Lions’ 1984 girls basketball champs reunite for Hall of Fame honor

Members of the 1984 Lawrence High girls basketball team raise their Class 6A state championship trophy after beating Derby, 49-48, on March 10, 1984, at Allen Fieldhouse. The Lions, from left, are Jenny Clark, Claire Masinton, Dorinda Kearns, Amy Lienhard, Nikki Wright, Betsy Brand, Jodi Oelschlager and Mary Kay Waller. The championship team was inducted into the Kansas Basketball Coaches Association’s Hall of Fame on Wednesday, Aug. 7, 2013, in Topeka.

Former Lawrence High girls basketball coach Larry Zientara has a funny way of remembering his first year with the program, when the Lions went 24-0 in the 1983-84 season and won the Class 6A state championship.

Members of the 1984 Lawrence High girls basketball team pose at the Kansas Basketball Coaches Association’s Hall of Fame ceremony on Wednesday, Aug. 7, 2013, at Washburn University in Topeka. Pictured, from left, are Betsy Brand-Six, Jenny Clark, assistant coach Gary Hammer, Sonya Coleman-Johnson, head coach Larry Zientara, Nikki Wright, Kerry Girty-Cuny and Megan Hiebert.

Lawrence High 1983-84 girls basketball roster

Jenny Clark, sr.

Nikki Wright, jr.

Sonya Coleman, sr.

Jodi Oelschlager, so.

Amy Lienhard, sr.

Kerry Girty, jr.

Betsy Brand, jr.

Mary Kay Waller, jr.

Dorinda Kearns, sr.

Claire Masinton, sr.

Lori Nishikawa, so.

Megan Hiebert, jr.

Coach Larry Zientara

“When you have a perfect season to start your coaching career everything else is downhill,” the now retired coach joked.

Zientara, who went on to coach the Jenks, Okla., girls to a 5A state title in 1991, enjoyed another career peak Wednesday, when his ’83-84 Lions team was inducted into the Kansas Basketball Coaches Association’s Hall of Fame during a ceremony in Topeka.

“This is a great surprise and a great memory,” said Zientara, now 66.

The year before he coached Claire Masinton, Amy Lienhard, Jodi Oelschlager, Dorinda Kearns, Nikki Wright, Sonya Coleman and the rest of the Lions to a perfect season, LHS went 6-14 and Zientara was an assistant for Lawrence’s boys. That season had gone so poorly for the LHS girls, Zientara wasn’t sure any of the players would want to go out for the team in his debut season. Upon taking over, he decided to seek out the input of returning players when choosing the team’s new uniforms, and Zientara said that tactic seemed to get them interested and feel personally invested.

From there, Masinton and Lienhard, Lawrence’s top two scorers and rebounders, steered the team to an unblemished record with their senior leadership, and the season ended with a 49-48 victory over Derby in the 6A title game at Allen Fieldhouse — the same venue where Danny Manning and the Lawrence boys lost their 6A championship game, 50-49, to Kansas City Wyandotte later that night.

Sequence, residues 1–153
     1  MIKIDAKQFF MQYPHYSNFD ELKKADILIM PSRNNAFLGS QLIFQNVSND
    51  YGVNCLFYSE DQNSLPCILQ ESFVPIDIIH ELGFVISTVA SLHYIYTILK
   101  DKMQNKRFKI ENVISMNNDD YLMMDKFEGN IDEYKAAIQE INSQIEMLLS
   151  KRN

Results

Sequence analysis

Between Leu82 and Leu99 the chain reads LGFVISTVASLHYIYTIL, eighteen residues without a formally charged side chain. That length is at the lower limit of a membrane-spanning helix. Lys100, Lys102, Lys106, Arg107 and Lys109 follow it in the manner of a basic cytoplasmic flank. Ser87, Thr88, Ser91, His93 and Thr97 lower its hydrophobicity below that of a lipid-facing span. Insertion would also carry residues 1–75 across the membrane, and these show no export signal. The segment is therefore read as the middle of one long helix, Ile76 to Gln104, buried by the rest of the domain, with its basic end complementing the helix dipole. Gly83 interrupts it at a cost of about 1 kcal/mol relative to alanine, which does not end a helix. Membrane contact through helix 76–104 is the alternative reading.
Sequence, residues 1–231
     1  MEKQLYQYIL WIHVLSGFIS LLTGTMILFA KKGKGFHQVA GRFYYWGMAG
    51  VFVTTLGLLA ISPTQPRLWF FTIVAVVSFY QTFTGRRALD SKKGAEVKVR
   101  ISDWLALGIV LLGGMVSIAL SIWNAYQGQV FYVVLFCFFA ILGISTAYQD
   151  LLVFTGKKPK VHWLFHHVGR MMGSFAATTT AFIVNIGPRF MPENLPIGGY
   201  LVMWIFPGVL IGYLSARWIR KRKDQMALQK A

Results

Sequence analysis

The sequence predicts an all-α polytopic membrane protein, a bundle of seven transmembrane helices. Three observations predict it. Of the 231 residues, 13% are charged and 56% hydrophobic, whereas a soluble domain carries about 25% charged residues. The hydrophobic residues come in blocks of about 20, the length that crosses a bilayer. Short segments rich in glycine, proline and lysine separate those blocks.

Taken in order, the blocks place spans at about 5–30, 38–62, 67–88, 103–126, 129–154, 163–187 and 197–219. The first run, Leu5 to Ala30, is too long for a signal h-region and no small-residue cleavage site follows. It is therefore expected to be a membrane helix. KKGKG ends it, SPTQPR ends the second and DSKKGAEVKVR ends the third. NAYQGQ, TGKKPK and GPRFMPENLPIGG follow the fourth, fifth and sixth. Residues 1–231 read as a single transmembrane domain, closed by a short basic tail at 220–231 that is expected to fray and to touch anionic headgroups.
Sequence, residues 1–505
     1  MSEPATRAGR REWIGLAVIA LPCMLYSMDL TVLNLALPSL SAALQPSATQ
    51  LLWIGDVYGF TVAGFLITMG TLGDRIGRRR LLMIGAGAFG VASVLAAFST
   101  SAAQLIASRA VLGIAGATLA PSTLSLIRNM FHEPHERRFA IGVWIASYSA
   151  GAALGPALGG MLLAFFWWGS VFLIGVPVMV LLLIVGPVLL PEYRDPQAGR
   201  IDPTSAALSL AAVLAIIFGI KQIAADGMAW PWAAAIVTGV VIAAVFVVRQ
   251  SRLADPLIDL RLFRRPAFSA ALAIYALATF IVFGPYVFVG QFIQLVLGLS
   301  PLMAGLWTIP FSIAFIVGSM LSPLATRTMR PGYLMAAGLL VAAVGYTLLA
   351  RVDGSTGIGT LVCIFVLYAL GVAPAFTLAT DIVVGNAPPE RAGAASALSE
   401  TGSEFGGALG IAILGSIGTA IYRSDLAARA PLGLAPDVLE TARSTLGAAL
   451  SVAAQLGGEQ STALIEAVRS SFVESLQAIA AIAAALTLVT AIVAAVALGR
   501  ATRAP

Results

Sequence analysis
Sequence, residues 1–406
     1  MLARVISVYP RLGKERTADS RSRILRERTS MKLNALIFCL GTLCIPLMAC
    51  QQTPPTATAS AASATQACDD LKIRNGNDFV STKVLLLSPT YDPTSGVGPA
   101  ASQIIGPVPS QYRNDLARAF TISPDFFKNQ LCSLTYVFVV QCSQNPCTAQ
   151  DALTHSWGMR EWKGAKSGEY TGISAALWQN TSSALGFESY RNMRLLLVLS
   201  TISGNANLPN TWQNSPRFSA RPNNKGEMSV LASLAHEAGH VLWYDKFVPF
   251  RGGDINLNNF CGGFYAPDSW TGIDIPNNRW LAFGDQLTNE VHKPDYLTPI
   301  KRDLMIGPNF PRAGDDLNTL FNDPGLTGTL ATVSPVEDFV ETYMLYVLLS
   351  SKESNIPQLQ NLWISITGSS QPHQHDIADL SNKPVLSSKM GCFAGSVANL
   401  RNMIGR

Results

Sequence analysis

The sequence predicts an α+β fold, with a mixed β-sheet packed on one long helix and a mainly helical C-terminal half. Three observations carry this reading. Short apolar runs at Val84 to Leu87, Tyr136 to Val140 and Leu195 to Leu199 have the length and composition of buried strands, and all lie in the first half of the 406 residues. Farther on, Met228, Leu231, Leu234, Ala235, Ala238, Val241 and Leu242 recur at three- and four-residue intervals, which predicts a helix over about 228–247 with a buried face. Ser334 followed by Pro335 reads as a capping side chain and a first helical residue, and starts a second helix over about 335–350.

Under their new coach, the Lions pressed all over the floor, and Zientara often stuck to a six- or seven-player rotation. To their credit, the coach added, the players embraced a team-first approach.

Sonya Coleman-Johnson traveled from Geneva, Ill., to join five of her teammates for the hall of fame ceremony. She said they couldn’t have achieved greatness without their coach.

“He just respected us. He recognized our abilities and helped us overcome weaknesses,” Lawrence’s starting senior small forward said. “It was a we-directed team. We win together, we lose together and nobody wanted to lose, especially since we started winning.”

Wright, Lawrence’s starting junior point guard, said the players not only had the physical gifts and close bond to win, but also shared a competitive fire.

“We just hated to lose. We had that mentality of ‘We’re not losing,'” said Wright, who lives in Lawrence. “Practices were hard and intense, and it paid off in the games.”

Coleman-Johnson, Wright, Betsy Brand-Six, Jenny Clark, Megan Hiebert and Kerry Girty-Cuny attended the KBCA ceremony on the campus of Washburn University with Zientara and assistant coach Gary Hammer. Some players, such as Lienhard, who lives in Germany, and Masinton, who lives in Massachusetts, were unable to attend. Still, Brand-Six said the Lions enjoyed reuniting and talking about how the group came together so naturally, even though they might not have had a lot in common off the court.

“It’s always fun to look back and go down memory lane,” Brand-Six said. “Most of us hadn’t seen each other in many, many years — since high school for some of us.”

LHS last won a state championship in 2008, and also finished as 6A’s top team in 1992 under Hammer, eight years after the Lions’ perfect ’83-84 season. Zientara, who went on to finish 109-38 in seven seasons at LHS and 269-158 in his career, always will remember that special run at LHS in his first head-coaching job.

“It was not only a perfect season,” he said, “but they were just a terrific group of young ladies who bought into what I was preaching.”